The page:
AUDITING and RECOUNTS in OHIO: Would You Let This Team Count Your Money?

By Marj Creech
Dec. 28, 2006

I woke up this morning thinking about the recount I witnessed in Madison County, Ohio at the BOE in the little town of London, for the Kilroy/Price 2006 Congressional race. At the time I couldn’t put my finger, or nose, on anything that smelled particularly fishy, and I still can’t. The 3% not-so-random recount had matched—yeah having the two precincts selected by someone, or someones, from the Board of Election, sort of defeats the purpose of an unbiased recount, but Blackwell had already sent a directive long before this recent election, that said that the selection did not have to be “mathematically random,” whatever that means. So they didn’t break the letter of the law, and the Chair of the BOE, told me that, “They didn’t favor one precinct over another,” but selected one rural precinct and one precinct from London, the “city,” that added up to just over 3 percent of the total votes. Why should anyone reasonable have a problem with that?

It came to me this morning that everyone conducting or observing the recount has a different agenda for doing it. For the majority of election workers the reason is that it’s required by Ohio law when the count difference between candidates is 0.5% or less. Their agenda is, “Let’s get this done as quickly and efficiently as possible, and show anyone who cares that we are doing our job right.” How that translates is an audible cheer when the 3% non-random hand count matches a new machine count, and that machine count matches the election day machine count. No one bothers to try to see if the number of signatures of voters on election day plus absentee ballots plus provisional ballots, match the total number of votes. That kind of audit is not required by law. So if the hand count matches the machine counts, old and new, no more ballots have to be counted by hand, the recount proceeds to all machine counting of the rest of the ballots, and we all get to go home after a few hours and the recount is over. On to regular after-election administrative mop-up, and Christmas shopping.

For higher-up election officials the agenda might be proving to the observers, like me, and the guy from the House Administration Committee of the US Congress, that “all is OK in Ohio elections, especially in the way this BOE is run. There is no fraud and at least these officials are competent and forthright.” The job of the Chair of the BOE at this recount was to make sure we observers stayed seated in our corner—where we could not see the names on the ballots, or see the tally tapes run from each machine, or what was going on in the back room where the electronic cards from each machine were read and tallied. He also made sure we did not talk or ask questions, except when the Director asked us if we had any questions. Oh and the Chair was also asked to remake ballots when the marks were too weak for the optical scan machines to read. A person of the other major party watched him do this, but we observers could not see if they did it right or not. The old replaced ballot was taken to the storage room and placed somewhere. Or more often than not, the checks or x’s that were not being scanned were darkened in on the same ballot. The old ballot no longer existed, for anyone to ever see again.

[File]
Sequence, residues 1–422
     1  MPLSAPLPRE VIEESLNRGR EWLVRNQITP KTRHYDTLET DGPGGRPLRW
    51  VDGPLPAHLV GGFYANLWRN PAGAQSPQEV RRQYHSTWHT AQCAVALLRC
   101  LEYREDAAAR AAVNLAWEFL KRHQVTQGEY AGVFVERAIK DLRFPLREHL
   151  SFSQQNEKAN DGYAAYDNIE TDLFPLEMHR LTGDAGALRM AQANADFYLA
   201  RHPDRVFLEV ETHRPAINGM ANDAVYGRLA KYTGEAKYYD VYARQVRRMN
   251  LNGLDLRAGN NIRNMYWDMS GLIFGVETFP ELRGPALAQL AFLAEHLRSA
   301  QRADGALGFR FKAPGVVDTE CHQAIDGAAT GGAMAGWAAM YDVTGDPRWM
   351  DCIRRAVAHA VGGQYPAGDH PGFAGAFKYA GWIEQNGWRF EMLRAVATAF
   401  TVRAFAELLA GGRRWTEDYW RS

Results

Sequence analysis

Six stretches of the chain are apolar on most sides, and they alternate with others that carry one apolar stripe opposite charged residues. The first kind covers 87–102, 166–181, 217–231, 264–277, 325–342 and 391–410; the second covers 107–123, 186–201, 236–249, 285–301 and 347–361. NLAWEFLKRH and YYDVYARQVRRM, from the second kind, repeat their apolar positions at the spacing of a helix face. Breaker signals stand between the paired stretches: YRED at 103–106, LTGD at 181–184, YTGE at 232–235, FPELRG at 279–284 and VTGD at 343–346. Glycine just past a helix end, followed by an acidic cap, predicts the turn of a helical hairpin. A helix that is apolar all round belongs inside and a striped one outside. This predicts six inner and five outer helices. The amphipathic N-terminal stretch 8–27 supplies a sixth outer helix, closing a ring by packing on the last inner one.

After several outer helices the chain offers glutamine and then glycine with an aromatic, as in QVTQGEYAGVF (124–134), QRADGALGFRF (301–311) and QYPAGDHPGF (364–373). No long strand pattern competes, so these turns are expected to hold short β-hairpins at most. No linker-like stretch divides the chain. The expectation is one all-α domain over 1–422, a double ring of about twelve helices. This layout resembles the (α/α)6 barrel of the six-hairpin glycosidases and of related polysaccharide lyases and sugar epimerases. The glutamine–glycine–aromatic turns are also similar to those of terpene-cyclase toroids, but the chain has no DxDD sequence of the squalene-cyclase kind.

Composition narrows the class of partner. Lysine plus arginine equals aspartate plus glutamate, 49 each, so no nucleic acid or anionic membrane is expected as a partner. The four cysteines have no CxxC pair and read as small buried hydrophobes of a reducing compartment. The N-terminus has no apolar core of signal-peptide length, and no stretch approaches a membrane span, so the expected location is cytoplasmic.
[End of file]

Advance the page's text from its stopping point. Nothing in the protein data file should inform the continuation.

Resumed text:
For the two Republican observers sitting to my right, the agenda was to make sure that Kilroy didn’t somehow pull out enough votes to overturn Price’s lead. Kilroy, I heard them saying later, had already caused some rejected provisional ballots to be reinstated in Franklin County. One of the Republican women objected loudly when all of us were given a list of names and addresses of voters whose provisional ballots had been rejected in this county. “That should not be given out!” she said, purportedly to protect the identity of the voters, but I believe her real concern was that the Kilroy campaign would contact the voters and find out how they voted and try to get their votes counted.

The agenda of the technician for the ES&S voting machines, would be what? He might say, “Making sure the machines function correctly, without glitches.” He told me he knew nothing of software, but that his job was “simply” to make the electronic cards for each precinct so that the ballots would be read correctly. Apparently there is still “rotation” of candidates on optical scan ballots, just like on punch cards, for each precinct, even on precincts that are at the same polling site, that is, in precinct “A” the order on the ballot might be Kilroy, followed by Price, followed by the Independent candidate, while in precinct “B” the order rotates to Independent, Kilroy, Price. I asked him if a voter went to another precinct’s optical scanner, wouldn’t their choices be read wrong? He said no because the machine won’t read the wrong ballot because of the printed marks on the ballot and the card inserted into the machine at the beginning that tells the machine what precinct to read. I didn’t think to ask him if someone could use a wrong electronic card on purpose in order to make, say, the Kilroy votes go to the Independent.